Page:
Cost is a little high at around $1,000. (current price on Amazon in US) but you can probably get a good deal on a used one from one of your local lawyers or dentists who are mostly upgrading to FX format at this point.

Good shooting, George - http://nikondp.com
 

windowpain

macrumors 6502a
Apr 19, 2008
590
100
Japan
I have a Sigma 10-20mm and I like it although I've never been convinced I've gotten the best out of it.
I have it too, and feel the same. It is a nice lens (a little slow maybe, but good for the price.)
I find it a really hard lens to use well.. easy to get a bad shot with it. But thats more a reflection on me than it.
 

El Cabong

macrumors 6502a
Dec 1, 2008
620
278
Full disclosure

I don't actually own the lens I suggested (Sigma 8-16mm); just going by reviews, and by the fact that it's the widest subframe zoom currently available. I only have Nikkor lenses, and if I were to get a wide zoom, it'd be the 14-24mm, which is a tad more expensive than 800 clams.
 

M-5

macrumors 65816
Jan 4, 2008
1,088
87
I've been thinking about getting a wide-angle lens as well, because the only lens I own right now is the 35mm f/1.8. Everyone here seems to agree that the Tokina 12-24mm f/4 is a good lens, so I'll definitely consider this one. I'd prefer Tokina's 11-16mm f/2.8, but it won't autofocus on my D5000.
 

pdxflint

macrumors 68020
Aug 25, 2006
2,407
14
Oregon coast
Basically you are going to be told to get whatever the person who is advising you owns. So you might as well get the opinion of someone who only uses Nikon Nikkor lenses.

I am now using the second one of these lenses that I have owned because I lost the first one and could not stand to be without it. For my personal photography I use this lens probably 75% of the time. I have a lot of other lenses but I love wide angle and I really love this lens.

I think I have been using this lens for about 8 years now, some of the cameras I have used it on are the D70, D1, D2, D40, D80, D200, and D300 ( and a few Kodak and Fuji DSLRs).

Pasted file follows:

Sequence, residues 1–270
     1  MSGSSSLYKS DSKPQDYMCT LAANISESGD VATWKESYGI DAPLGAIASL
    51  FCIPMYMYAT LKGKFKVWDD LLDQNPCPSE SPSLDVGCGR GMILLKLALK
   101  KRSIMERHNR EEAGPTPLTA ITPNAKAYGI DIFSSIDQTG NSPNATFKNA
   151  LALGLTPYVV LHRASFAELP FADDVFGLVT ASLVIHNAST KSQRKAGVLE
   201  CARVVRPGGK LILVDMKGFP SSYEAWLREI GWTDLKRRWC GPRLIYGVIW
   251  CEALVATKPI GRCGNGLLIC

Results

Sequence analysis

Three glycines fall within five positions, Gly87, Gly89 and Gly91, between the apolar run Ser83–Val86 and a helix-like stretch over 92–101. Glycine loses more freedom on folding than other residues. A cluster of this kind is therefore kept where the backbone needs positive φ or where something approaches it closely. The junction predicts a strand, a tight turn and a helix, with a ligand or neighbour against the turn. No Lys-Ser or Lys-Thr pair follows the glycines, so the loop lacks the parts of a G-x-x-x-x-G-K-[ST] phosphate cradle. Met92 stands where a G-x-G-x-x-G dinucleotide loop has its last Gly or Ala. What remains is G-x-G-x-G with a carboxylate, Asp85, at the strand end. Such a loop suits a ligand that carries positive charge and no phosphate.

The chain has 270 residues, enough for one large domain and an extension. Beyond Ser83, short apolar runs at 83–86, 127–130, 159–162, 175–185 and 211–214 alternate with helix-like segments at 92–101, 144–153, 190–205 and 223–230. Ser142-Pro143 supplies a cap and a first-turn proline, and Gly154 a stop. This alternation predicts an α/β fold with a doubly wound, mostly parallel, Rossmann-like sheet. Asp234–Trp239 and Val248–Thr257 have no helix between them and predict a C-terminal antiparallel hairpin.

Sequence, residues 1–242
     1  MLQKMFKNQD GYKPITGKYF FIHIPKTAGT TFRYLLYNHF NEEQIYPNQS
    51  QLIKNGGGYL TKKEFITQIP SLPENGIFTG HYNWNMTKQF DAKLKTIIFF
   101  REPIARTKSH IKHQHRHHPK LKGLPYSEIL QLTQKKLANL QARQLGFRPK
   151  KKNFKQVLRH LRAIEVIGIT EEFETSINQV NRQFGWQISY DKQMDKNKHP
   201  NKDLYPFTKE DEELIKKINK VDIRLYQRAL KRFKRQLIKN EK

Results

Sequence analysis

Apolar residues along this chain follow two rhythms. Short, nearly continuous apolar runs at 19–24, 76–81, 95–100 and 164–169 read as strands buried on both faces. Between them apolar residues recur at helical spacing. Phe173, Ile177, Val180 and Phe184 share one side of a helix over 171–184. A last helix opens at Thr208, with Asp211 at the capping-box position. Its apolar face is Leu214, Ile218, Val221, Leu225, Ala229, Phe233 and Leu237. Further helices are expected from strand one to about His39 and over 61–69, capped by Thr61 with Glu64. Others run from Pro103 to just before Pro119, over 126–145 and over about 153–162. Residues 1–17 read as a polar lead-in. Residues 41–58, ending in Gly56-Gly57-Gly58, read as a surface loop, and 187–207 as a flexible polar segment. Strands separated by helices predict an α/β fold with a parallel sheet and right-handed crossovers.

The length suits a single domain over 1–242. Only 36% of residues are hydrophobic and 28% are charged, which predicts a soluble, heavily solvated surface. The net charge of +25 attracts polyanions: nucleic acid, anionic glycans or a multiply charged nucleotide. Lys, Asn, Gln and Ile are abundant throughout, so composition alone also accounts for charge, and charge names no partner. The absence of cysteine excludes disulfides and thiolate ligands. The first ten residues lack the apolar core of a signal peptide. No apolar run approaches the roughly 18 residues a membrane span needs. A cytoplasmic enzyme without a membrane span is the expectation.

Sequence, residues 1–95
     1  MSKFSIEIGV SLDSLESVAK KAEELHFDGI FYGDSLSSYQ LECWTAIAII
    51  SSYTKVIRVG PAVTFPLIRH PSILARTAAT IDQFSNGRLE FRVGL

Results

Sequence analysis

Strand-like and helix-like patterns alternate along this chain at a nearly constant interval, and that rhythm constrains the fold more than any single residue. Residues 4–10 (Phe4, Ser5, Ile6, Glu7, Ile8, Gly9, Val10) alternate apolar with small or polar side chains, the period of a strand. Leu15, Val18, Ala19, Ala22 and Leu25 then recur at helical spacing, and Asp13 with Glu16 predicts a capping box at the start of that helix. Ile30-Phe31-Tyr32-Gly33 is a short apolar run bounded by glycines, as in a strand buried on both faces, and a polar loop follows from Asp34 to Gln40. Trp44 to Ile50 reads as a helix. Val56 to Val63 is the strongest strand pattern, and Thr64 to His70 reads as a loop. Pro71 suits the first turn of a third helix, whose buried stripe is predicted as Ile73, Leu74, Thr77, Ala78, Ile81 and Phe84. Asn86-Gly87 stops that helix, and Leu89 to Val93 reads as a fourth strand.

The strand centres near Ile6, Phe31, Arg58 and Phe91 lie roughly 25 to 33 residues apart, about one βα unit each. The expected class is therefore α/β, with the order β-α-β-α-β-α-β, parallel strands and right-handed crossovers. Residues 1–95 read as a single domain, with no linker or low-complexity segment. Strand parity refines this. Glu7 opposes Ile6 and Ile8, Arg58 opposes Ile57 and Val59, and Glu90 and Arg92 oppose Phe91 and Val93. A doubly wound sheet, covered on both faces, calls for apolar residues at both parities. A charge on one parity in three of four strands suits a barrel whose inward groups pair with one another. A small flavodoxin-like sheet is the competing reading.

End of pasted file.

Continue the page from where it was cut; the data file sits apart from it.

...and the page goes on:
Cost is a little high at around $1,000. (current price on Amazon in US) but you can probably get a good deal on a used one from one of your local lawyers or dentists who are mostly upgrading to FX format at this point.

Good shooting, George - http://nikondp.com
I just had to chuckle a wee bit at the irony... both somewhat downplaying or discrediting lens owners advice recommending a lens they own, I guess (?) because it's based on some kind of self-affirmation or self-convincing logic, and then doing exactly the same thing... but welcome to the party! ;) I do get where you're coming from because.. who else to honestly recommend a lens? Someone who owns one, right? :) At least it's better than someone simply offering up advice based on what they read or heard from third-parties or reviews. So, I'm glad you recommended the Nikkor 12-24 f/4. I've heard it was a good lens, but I haven't ever used one in the field. When I originally bought my Tokina 12-24 it was because I couldn't afford the Nikkor (more than double the money...) but now I am recommending the Tokina on first-hand personal experience and build quality and performance... because it's something I actually know about.

The same for you and your Nikkor. I have no doubt it's a real good lens or you wouldn't be touting its virtues. I happen to like Nikkor lenses as a rule, since I own six of them, with the Tokina wide zoom my only third-party lens. It fits right in there with the Nikkors both on looks, heft, build, ergonomics and IQ, so regardless of price I'd recommend it as a viable choice. For the price--it's a real deal. And there's nothing 'cheap' about it.

The more information for the OP the better-- it's not a contest. :)
 

schataut

macrumors member
Jan 13, 2010
44
1
Before I bought Tokina 12-24 I had Sigma 10-20mm for few months (nice friend let me borrow it). Sigma is a good lens too and 2mm on the wide end is a + However for me 5mm on the long side is more useful than 2mm on the wide end. You might have different needs ... also Tokina is definitely sharper compared to Sigma (again comparing the copies I had). Tokina 11-16 known to be really good .. but I'd rather have bigger range.
 

pdxflint

macrumors 68020
Aug 25, 2006
2,407
14
Oregon coast
One other interesting thing about the Tokina 12-24 f/4 -- although it is a DX lens, it can be used on FX bodies from 17-24mm, which makes it a pretty wide FX lens, too. You'll get some reduced image circle for full frame below 17mm, but it is a usable lens with a bigger than typical DX image circle.
 

194567

Suspended
Jun 16, 2008
302
0
One other interesting thing about the Tokina 12-24 f/4 -- although it is a DX lens, it can be used on FX bodies from 17-24mm, which makes it a pretty wide FX lens, too. You'll get some reduced image circle for full frame below 17mm, but it is a usable lens with a bigger than typical DX image circle.
That's true, I've shot with it on my Nikon F4 in shutter priority mode and auto (because of the lack of an aperture-ring). Great results. I actually used it on 16mm a couple of times to use the vignetting as an effect.